5. Unity of direction-- A single mind generates a single plan and all play their part in
6. Subordination of individual interests-- When at work, only work things should be
pursued or thought about. There should be constant vigilance and supervision.
7. Remuneration-- Employees receive fair payment for services, not what the company
can get away with.
Administrative Management-Henri Fayol
8. Centralization-- Consolidation of management functions. Decisions are made from
9. Scalar chain (line of authority)-- Formal chain of command running from top to
bottom of the organization, like military
10. Order-- All materials and personnel have a prescribed place, and they must remain
11. Equity-- Equality of treatment . Justice and kindness.
12. Personnel tenure-- Limited turnover of personnel. Lifetime employment for good
13. Initiative-- Thinking out a plan and do what it takes to make it happen.
14. Esprit de corps– Union is strength. Harmony, cohesion among personnel. Manager
should encourage espirit de corps among workers.
Features of Bureaucracy:
Administrative Class- Bureaucratic organizations generally have administrative class
responsible for maintaining coordinative activities of the members.
Hierarchy-There are hierarchy of positions in the organization.
Division of Work- Work of the organization is divided on the basis of specialization to
take the advantages of division of labour.
Official Rules- Administrative process is continuous and governed by official rules.
Impersonal Relationships- Decisions are governed by rational factors rather than
personal involvement, emotions and sentiments.
Official Records- Organization is characterized by maintenance of proper official
Human Relations Approach- George Elton Mayo
The study continued for an extended period of time and had gone through various phases,
which is briefly described here. Hawthorne Experiments- General Electric Company,
• Phase I: Illumination Experiments
• Phase II: Relay Assembly Test Room
• Phase III: Interviewing Program
• Phase IV: Bank Wiring Test Room
Phase-I: Illumination Experiments
Phase-I: Illumination Experiments
In order to test the traditional belief that better illumination will lead to higher level of
productivity, two groups of employees were selected. In one, the control group, the
illumination remained unchanged throughout the experiment while in the other the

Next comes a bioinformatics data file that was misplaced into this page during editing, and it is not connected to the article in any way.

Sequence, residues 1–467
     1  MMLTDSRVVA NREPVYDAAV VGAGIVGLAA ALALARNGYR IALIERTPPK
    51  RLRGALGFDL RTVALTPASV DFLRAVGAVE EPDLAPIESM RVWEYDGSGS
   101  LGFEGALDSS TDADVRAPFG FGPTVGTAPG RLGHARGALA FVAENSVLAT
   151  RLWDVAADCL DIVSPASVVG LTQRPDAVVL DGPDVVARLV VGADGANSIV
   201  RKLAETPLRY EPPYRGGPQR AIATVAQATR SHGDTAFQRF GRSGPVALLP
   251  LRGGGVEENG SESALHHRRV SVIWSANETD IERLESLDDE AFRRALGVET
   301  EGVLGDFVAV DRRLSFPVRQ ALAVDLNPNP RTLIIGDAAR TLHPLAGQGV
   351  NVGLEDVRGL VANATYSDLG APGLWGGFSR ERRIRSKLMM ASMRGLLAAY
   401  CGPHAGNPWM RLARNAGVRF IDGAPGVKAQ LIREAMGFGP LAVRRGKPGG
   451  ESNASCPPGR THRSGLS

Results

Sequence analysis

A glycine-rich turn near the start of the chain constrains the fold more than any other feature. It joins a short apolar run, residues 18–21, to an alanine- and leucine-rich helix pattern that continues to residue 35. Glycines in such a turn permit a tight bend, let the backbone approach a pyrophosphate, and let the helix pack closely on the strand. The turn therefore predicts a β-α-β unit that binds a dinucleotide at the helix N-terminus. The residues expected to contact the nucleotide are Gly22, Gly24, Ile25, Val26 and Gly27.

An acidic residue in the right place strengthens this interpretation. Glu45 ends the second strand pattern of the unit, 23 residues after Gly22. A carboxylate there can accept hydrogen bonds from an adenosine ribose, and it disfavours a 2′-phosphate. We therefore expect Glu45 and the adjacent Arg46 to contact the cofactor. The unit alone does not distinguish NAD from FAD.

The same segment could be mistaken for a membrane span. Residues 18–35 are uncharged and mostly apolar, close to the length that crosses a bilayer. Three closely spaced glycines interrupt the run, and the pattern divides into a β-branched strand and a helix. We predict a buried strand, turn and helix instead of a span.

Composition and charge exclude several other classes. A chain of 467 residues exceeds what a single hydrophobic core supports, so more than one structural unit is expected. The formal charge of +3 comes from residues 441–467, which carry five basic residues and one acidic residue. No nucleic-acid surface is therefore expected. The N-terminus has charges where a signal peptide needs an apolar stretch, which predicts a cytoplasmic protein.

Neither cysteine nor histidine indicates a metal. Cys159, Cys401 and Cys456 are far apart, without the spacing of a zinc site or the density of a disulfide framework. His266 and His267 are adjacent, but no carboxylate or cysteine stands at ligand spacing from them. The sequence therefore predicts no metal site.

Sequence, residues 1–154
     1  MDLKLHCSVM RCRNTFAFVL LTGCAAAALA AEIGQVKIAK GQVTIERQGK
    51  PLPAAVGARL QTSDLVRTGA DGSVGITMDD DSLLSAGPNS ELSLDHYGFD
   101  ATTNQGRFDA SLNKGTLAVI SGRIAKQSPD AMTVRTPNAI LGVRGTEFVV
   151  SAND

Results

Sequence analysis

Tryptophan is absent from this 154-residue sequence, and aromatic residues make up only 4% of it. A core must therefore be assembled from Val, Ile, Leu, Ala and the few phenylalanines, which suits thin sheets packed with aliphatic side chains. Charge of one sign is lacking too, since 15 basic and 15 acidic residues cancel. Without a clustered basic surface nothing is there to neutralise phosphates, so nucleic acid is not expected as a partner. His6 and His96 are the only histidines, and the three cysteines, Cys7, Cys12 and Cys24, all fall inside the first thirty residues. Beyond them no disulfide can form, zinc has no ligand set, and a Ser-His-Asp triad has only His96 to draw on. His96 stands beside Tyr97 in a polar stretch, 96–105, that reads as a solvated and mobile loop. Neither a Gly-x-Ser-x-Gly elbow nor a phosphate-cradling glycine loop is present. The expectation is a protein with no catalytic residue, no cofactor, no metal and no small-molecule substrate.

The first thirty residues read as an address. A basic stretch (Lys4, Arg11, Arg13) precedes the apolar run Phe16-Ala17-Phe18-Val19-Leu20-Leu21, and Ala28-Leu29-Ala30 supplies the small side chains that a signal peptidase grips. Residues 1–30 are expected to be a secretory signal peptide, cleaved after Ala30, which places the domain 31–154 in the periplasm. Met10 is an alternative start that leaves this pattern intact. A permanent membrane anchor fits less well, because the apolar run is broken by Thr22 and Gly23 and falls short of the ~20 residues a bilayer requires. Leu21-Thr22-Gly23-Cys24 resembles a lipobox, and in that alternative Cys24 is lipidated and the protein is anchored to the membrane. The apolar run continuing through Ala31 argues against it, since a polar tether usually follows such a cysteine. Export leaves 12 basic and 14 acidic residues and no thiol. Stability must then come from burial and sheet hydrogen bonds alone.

illumination was increased. As had been expected, the productivity went up in the
latter or what was known as the experimental group. But what baffled the
experimenters was the fact that the output of the control group also went up. As the
lighting in the formal group was not altered, the result was naturally puzzling and
difficult to explain. The investigators then started to reduce the illumination for the
test group. But in this case as well the output shoot up again. Thus the researchers had
to conclude that illumination affected production only marginally and there must be
some factor which produced this result.
Phase-II: Relay Assembly Test Room
In this phase, apart from illumination, possible effects of other factors such as length
of the working day, rest pauses and their duration and frequency and other physical
conditions were probed. The researcher who was continuously present with the group
to observe the functioning of the group acted as their friend and guide. Surprisingly,
here also the researchers found that the production of the group had no relation with
the working conditions. The outcome of the group went increasing at an all-time high
even when all the improvements in the working conditions were withdrawn. Nobody
in the group could suggest why this was so. Researchers then attributed this
phenomenon to the following:
• Feeling of perceived importance among the group members as they were
chosen to participate in the experiment.
• Good relationship among the group
• High group cohesion.
Phase III: Interviewing Program
From the Relay Assembly Test Room, the researchers for the first time became aware
about the existence of informal groups and the importance of social context of the